By Daniel Kwan, Gallery Facillitator and Volunteer
It’s been a tiring 6 weeks! With only a week and a half left in the students’ visit to Jordan, our excavation efforts came to a close. Excavations in our new unit, 5M11A1, have yielded an incredible number of objects in just a few days. Although our efforts did not yield any new architecture, aside from the additional courses of Tell Madaba’s fortification wall, the objects and ceramics provide enough data for an interesting interpretation. Unlike my interpretation of 5M11B3/4, which displays characteristics of a domestic dwelling, 5M11A1 may be interpreted as the remains of a storage room. Built against the eastern face of the fortification wall, the “storage unit” seems to have contained implements for food preparation, wheat-containing storage vessels, and the rear-end remains of a zoomorphic (animal-like) figurine! Now you’re probably wondering how a tiny unit like A1 could have yielded such a large volume of data. It’s simple. The “storage area” that we excavated displayed evidence of a destructive event (likely a fire) that would have covered the contents of the room in debris and effectively sealing them in.
Once digging and the daunting task of mapping the visible stratigraphy was complete, our laboratory tasks began. These included floatation (using running water to separate particulates held within soil samples), data entry, pottery registration, pottery drawing, pottery mending, and object drawing. I was in charge of teaching all of the students object drawing, which involves the to-scale illustration of various artifacts found throughout the dig. Although the majority of scientific illustration is completed using computers, we teach traditional methods due to the sheer volume of objects, the number of students, our relatively short dig year (and permit), and our lack of a computer lab. At first, many of the students were hesitant. It can be slightly intimidating having to draw a highly detailed 1:1 illustration. Needless to say, all of the students did a fantastic job with many of them joining me for the rest of the week, illustrating objects that were to be delivered to the Jordan Department of Antiquities. Despite a week of working indoors, our time conducting laboratory tasks was quite tiring but well worth the effort!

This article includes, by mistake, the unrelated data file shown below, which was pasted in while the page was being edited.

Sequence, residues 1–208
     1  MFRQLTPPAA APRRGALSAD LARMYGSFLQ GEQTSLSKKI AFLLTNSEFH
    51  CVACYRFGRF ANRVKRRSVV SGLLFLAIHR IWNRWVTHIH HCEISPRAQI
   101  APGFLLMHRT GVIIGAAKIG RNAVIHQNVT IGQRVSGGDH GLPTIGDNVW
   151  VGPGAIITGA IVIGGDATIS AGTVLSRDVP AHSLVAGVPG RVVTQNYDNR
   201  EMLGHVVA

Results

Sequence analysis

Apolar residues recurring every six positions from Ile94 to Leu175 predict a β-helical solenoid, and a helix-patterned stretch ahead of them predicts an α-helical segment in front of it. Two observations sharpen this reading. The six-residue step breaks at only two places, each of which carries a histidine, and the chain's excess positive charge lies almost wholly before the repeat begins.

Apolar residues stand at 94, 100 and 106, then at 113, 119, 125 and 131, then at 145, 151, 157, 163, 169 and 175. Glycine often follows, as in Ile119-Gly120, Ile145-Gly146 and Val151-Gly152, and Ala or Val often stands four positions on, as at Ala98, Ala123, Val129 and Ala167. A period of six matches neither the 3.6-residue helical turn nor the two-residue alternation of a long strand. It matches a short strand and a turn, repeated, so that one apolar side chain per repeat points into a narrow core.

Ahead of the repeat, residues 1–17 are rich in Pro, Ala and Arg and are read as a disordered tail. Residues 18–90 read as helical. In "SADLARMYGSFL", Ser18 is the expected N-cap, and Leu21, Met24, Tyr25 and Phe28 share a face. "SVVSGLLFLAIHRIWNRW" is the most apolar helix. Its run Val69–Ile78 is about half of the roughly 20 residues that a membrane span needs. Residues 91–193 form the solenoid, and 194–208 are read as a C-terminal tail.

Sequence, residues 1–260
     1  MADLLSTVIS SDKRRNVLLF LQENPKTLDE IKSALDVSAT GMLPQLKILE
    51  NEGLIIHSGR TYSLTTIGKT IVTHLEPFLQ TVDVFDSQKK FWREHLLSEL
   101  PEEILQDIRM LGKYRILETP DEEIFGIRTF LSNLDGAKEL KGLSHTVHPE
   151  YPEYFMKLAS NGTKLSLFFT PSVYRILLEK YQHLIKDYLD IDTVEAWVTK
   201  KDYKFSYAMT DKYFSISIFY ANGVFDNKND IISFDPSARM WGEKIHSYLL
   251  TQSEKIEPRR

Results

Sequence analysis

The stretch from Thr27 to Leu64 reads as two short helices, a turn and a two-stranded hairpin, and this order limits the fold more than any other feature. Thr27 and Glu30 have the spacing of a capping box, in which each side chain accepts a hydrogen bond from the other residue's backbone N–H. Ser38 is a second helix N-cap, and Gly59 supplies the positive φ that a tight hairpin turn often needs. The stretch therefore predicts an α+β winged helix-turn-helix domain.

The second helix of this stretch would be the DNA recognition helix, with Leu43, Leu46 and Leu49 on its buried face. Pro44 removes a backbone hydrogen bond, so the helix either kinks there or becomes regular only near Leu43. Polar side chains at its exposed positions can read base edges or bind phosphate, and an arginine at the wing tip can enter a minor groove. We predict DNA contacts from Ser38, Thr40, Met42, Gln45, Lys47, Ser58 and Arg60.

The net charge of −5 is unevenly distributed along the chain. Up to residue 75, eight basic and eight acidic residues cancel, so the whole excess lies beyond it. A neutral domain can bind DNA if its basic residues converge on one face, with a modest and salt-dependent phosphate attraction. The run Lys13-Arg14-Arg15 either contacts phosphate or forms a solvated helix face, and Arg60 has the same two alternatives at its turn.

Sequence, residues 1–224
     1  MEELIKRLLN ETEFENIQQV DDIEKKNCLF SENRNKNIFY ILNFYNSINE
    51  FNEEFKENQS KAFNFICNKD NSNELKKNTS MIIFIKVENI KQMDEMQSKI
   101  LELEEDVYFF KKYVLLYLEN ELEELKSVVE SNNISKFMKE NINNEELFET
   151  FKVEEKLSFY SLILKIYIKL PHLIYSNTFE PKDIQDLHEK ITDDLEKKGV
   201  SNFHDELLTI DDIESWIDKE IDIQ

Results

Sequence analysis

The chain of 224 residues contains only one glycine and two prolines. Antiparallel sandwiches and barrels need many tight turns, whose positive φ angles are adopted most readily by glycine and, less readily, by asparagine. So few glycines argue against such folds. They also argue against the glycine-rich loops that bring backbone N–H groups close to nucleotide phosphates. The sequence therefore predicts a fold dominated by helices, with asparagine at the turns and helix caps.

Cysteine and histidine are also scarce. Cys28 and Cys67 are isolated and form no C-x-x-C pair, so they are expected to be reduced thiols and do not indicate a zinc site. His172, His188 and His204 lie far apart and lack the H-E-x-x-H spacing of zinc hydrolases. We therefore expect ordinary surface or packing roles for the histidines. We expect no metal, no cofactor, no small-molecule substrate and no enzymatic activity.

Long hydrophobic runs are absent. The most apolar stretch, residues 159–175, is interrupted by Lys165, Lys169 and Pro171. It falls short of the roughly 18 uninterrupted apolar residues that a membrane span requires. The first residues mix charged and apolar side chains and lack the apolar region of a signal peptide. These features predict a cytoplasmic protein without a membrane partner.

As I am completing this article, all of the students have left the country and have either returned home or engaged in further travel. Although I have said this before, I will repeat it once again. This summer gave me the incredible opportunity to work closely with a very talented and dedicated group of students. The students in my square, Arielle, Damian, Kerrstyn and Marishana, were an absolute joy to work with. Their skills, work ethic, team spirit, and overall ability to deal with my eccentricities certainly made my return to Jordan a memorable one. I hope that I was able to make as good of an impression on them as they have on me! There is no doubt in my mind that all of them will have an incredible amount of success in their future endeavors; whether or not they relate to archaeology.
Here’s to further excavations and adventures in Jordan, one of the most beautiful and hospitable places I have ever had the honor of calling home.